Its hard to quantify the dollar impact on any one change based on the information provided by the state in its estimates.
When we asked for details on these assumptions, Michelle Dahnke, a spokesperson for the Agency for Health Care Administration, said the state simply wanted to be as cautious as possible with its estimates.
But state officials were aware that the estimates were off even as Scott repeated the numbers in Washington, according to emails obtained by Carol Gentry of Health News Florida, part of WUSF Media. The Health News Florida report noted that J. Eric Pridgeon, on the staff of the House Health Care Appropriations Subcommittee, questioned the study almost immediately. On Dec. 20, three days after the study was released, Pridgeon wrote state agency officials saying that the federal revenues for Medicaid expansion states are part of the Affordable Care Act and cannot be omitted.
In response to criticism of the estimates, Scott spokesperson Melissa Sellers issued a statement defending them but noting, "Others have asked AHCA to use different assumptions to calculate different cost estimates. We look forward to reviewing those cost estimates as well."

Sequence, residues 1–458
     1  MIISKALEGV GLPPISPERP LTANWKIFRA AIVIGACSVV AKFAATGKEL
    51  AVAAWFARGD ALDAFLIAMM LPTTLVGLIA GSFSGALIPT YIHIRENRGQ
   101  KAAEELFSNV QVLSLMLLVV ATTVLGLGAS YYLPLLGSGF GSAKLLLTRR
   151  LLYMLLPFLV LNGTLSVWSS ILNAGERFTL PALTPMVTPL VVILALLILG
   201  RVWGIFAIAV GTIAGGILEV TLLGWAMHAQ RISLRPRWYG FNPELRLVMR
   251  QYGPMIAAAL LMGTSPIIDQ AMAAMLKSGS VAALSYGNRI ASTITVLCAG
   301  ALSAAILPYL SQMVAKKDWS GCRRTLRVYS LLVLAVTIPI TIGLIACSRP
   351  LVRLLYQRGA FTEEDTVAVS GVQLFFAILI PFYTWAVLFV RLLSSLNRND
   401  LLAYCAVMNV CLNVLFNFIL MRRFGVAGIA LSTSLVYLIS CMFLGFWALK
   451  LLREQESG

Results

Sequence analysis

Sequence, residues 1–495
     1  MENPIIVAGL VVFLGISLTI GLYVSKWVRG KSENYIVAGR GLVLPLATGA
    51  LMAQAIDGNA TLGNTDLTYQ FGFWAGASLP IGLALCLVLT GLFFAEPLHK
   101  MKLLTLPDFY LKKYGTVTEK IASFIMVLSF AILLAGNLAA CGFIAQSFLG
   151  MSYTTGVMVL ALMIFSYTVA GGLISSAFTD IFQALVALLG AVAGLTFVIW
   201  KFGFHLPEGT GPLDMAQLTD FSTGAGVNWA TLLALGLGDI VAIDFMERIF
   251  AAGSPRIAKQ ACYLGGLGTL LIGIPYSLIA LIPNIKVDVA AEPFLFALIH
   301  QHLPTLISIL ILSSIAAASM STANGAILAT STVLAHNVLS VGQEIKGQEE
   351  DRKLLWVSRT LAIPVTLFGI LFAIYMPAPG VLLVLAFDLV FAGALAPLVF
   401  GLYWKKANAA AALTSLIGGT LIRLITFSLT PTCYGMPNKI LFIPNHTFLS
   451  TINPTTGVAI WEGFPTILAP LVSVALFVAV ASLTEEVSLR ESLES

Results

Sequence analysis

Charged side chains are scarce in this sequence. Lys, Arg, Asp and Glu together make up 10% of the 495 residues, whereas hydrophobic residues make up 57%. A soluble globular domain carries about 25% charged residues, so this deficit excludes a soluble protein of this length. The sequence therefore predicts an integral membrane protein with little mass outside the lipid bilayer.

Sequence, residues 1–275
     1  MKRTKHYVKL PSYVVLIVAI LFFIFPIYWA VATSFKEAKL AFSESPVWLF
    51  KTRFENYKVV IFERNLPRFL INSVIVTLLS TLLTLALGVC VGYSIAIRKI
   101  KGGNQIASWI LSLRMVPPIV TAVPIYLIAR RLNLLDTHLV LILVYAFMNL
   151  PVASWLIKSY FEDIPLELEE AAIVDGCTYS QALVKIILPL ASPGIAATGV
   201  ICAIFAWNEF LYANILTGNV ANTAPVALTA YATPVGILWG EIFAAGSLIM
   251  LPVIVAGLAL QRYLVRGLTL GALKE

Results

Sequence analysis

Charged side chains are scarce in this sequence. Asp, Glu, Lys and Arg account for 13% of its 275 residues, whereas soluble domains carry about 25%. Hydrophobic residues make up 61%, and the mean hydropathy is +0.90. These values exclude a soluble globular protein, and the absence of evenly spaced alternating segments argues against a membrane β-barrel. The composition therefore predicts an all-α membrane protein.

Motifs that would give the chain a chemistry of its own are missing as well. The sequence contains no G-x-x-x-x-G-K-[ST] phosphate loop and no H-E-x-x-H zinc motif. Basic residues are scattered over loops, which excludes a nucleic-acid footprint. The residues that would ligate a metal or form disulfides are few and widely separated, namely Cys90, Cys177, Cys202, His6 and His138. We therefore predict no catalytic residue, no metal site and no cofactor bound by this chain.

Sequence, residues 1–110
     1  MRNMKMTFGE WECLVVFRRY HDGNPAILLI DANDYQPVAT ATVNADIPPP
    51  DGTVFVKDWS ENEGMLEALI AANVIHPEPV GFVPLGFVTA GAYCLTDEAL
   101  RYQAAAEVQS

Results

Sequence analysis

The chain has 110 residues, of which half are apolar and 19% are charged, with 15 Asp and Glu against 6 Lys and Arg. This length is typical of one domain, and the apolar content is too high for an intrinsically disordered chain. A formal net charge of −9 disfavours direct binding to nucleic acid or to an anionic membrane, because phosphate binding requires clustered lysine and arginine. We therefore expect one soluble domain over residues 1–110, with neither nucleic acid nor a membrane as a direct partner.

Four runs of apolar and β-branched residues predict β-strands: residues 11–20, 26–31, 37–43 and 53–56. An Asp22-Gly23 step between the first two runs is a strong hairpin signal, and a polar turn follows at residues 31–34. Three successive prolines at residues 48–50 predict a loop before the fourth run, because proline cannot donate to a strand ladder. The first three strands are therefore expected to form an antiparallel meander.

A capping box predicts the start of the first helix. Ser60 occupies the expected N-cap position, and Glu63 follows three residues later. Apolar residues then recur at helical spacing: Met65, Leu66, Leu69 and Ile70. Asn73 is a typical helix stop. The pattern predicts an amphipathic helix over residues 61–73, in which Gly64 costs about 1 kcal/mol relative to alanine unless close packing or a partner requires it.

The inflated estimates seem to be part of a pattern. Last summer, Scott claimed a Medicaid expansion would cost $1.9 billion a year. PolitiFact Florida looked into that number at the time and concluded that the estimate "appears to be wildly high." We rated his statement False.
There is no doubt that Medicaid represents a significant part of the states budget, and that any plan to expand the system no matter how much the federal government pays for could include additional costs to the state.
But rather than have a fact-based discussion about the states responsibilities when it comes to health care, it appears that Scott and his staff are making strange assumptions to make the estimates higher than they actually will be.
This is also a case where Scott cannot simply hide behind the fact that he is accurately citing a "study." His office directed the analysis, and it was notified that the assumptions were questionable.
Scott gets a pass on one thing: The cost to expand Medicaid is largely unknown. But using a study to say that the expansion of Medicaid would cost Florida taxpayers "over $26 billion" is False.